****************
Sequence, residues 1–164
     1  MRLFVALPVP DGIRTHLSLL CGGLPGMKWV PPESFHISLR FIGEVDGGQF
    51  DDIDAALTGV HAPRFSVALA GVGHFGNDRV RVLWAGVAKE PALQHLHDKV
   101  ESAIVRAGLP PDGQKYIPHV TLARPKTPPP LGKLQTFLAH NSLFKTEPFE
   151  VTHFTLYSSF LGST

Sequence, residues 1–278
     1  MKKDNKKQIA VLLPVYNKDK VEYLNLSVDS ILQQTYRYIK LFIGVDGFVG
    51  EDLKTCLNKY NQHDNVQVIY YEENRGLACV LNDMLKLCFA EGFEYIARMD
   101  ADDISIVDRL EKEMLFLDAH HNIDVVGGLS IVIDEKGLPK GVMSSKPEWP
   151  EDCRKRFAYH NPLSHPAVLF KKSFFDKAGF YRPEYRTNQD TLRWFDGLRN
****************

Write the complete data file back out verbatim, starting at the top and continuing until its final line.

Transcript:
Sequence, residues 1–164
     1  MRLFVALPVP DGIRTHLSLL CGGLPGMKWV PPESFHISLR FIGEVDGGQF
    51  DDIDAALTGV HAPRFSVALA GVGHFGNDRV RVLWAGVAKE PALQHLHDKV
   101  ESAIVRAGLP PDGQKYIPHV TLARPKTPPP LGKLQTFLAH NSLFKTEPFE
   151  VTHFTLYSSF LGST

Sequence, residues 1–278
     1  MKKDNKKQIA VLLPVYNKDK VEYLNLSVDS ILQQTYRYIK LFIGVDGFVG
    51  EDLKTCLNKY NQHDNVQVIY YEENRGLACV LNDMLKLCFA EGFEYIARMD
   101  ADDISIVDRL EKEMLFLDAH HNIDVVGGLS IVIDEKGLPK GVMSSKPEWP
   151  EDCRKRFAYH NPLSHPAVLF KKSFFDKAGF YRPEYRTNQD TLRWFDGLRN